Mu'awiyah raided the Byzantine Empire in 731–732 (A.H. 113). The next year he captured Aqrun (Akroinos), while Abdallah al-Battal took a Byzantine commander prisoner. Mu'awiyah raided Byzantium from 734–737. In 737, al Walid ibn al Qa'qa al-Absi led the raid against the Byzantines. The next year Sulayman ibn Hisham captured Sindirah (Sideroun). In 738–739, Maslama captured some of Cappadocia and also raided the Avars. Theophanes the Confessor (p. 103) states that while some Arabs raided successfully in 739 and returned home safely, others were soundly defeated at the Battle of Akroinon. He records that internal Byzantine strife (the struggle between Constantine V and the usurper Artabasdos) facilitated Arab raids by Sulayman ibn Hisham in 741–742 (p. 106) that made many Byzantines Arab captives. Al-Tabari refers to the same raid.[3]

In North Africa, Kharijite teachings combined with natural local restlessness to produce a significant Berber revolt. In 740, a large Berber force surrounded a loyal army at Wadi Sherif, where the loyalists fought to the death. Hisham dispatched a force of 27,000 Syrians, which was destroyed in 741. In 742 Handhala ibn Safwan began successfully, but soon was besieged in Qairawan. He led a desperate sortie from the city that scattered the Berbers, killing thousands and re-establishing Umayyad rule.

Hisham also faced a revolt by the armies of Zayd ibn Ali, grandson of Husayn bin Ali, which was put down because of the betrayal of the Kufans. The Kufans encouraged Zayd to revolt. Zayd was ordered to leave Kufah and though he appeared to set out for Mecca, he returned and dwelt secretly in Kufah moving from house to house and receiving the allegiance of many people. Yusuf ibn Umar al-Thaqafi, Iraq's governor, learned of the plot, commanded the people to gather at the great mosque, locked them inside and began a search for Zayd. Zayd with some troops fought his way to the mosque and called on people to come out. He then pushed back Yusuf's troops, but was felled by an arrow. Although his body was initially buried, the spot was pointed out and it was extracted, beheaded and the head sent to Hisham and later to Medina.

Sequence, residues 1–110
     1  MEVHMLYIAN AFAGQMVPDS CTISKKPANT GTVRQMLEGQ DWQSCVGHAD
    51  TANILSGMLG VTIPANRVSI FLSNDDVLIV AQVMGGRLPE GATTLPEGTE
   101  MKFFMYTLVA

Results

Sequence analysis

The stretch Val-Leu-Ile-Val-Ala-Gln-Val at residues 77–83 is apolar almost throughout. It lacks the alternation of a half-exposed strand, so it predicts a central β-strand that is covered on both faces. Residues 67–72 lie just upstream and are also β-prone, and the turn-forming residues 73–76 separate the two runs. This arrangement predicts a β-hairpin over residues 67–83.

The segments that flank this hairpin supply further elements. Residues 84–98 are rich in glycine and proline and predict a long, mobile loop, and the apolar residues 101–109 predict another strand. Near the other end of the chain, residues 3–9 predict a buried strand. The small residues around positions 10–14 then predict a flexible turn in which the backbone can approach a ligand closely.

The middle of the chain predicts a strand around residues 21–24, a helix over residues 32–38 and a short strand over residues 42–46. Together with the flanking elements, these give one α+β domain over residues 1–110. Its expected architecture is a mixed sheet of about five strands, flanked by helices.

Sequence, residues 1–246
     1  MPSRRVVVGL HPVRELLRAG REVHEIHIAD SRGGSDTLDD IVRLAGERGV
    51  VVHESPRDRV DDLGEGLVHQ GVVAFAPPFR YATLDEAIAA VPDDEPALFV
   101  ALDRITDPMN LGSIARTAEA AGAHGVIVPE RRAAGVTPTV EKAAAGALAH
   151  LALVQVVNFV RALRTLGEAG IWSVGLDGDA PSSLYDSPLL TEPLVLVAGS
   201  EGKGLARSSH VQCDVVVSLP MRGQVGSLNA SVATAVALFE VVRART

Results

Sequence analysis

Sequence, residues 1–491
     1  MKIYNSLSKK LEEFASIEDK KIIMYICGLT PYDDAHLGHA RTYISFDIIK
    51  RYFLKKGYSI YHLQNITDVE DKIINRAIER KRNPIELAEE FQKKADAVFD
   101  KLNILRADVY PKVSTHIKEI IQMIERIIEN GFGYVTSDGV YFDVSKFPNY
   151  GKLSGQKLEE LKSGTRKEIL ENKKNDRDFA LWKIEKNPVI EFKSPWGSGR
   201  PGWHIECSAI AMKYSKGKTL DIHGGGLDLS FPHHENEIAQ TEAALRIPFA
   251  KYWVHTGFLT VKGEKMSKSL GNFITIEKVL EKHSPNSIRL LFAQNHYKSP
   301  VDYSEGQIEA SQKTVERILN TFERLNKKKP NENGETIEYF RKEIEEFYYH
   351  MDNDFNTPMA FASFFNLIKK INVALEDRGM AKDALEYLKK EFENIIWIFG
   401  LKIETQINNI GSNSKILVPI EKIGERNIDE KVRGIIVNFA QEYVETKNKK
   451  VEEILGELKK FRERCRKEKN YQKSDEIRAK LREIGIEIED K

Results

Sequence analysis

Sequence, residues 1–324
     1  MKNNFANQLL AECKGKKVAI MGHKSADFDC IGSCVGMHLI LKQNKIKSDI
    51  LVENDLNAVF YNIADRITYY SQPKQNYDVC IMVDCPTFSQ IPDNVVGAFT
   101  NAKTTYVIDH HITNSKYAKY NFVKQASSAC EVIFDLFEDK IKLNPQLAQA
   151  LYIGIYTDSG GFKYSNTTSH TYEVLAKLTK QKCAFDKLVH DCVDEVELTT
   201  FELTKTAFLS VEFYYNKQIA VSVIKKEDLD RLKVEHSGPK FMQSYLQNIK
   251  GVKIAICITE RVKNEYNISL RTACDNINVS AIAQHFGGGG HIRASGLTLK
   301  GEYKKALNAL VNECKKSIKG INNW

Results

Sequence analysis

An Umayyad coin issued by Hisham ibn Abd al-Malik.

In Spain, the internal conflicts of the years past were ended, and Hisham's governor, Abd ar Rahman ibn Abdallah, assembled a large army that went into France. He besieged Bordeaux and pushed to the Loire. This marked the limit of Arabic conquest in Western Europe. The wave was halted at the Battle of Tours by Charles Martel who ruled the kingdom of the Franks.

See alsoEdit


  • Blankinship, Khalid Yahya, ed. (1989). The History of al-Ṭabarī, Volume XXV: The End of Expansion: The Caliphate of Hishām, A.D. 724–738/A.H. 105–120. SUNY Series in Near Eastern Studies. Albany, New York: State University of New York Press. ISBN 978-0-88706-569-9.
  • Blankinship, Khalid Yahya (1994). The End of the Jihâd State: The Reign of Hishām ibn ʻAbd al-Malik and the Collapse of the Umayyads. Albany, New York: State University of New York Press. ISBN 978-0-7914-1827-7.
  • Hawting, Gerald R. (2000). The First Dynasty of Islam: The Umayyad Caliphate AD 661–750 (Second ed.). London and New York: Routledge. ISBN 0-415-24072-7.
  • Brown, Daniel W. (1996). Rethinking tradition in modern Islamic thought. Cambridge University Press. ISBN 0521570778. Retrieved 10 May 2018.


  1. ^ Dr. Eli Munif Shahla, "Al-Ayam al-Akhira fi Hayat al-Kulafa", Dar al-Kitab al-Arabi, 1st ed., 1998, p. 238
  2. ^ Schirrmacher, Christine (2020). "Leaving Islam". In Enstedt, Daniel; Larsson, Göran; Mantsinen, Teemu T. (eds.). Handbook of Leaving Religion (PDF). Brill. p. 82. Retrieved 6 January 2021.
  3. ^ Al-Tabari, v. 26, p. 68
Hisham ibn Abd al-Malik
Born: 691 Died: 6 February 743
Preceded by
Yazid II
Caliph of Islam
Umayyad Caliph

26 January 724 – 6 February 743
Succeeded by
Al-Walid II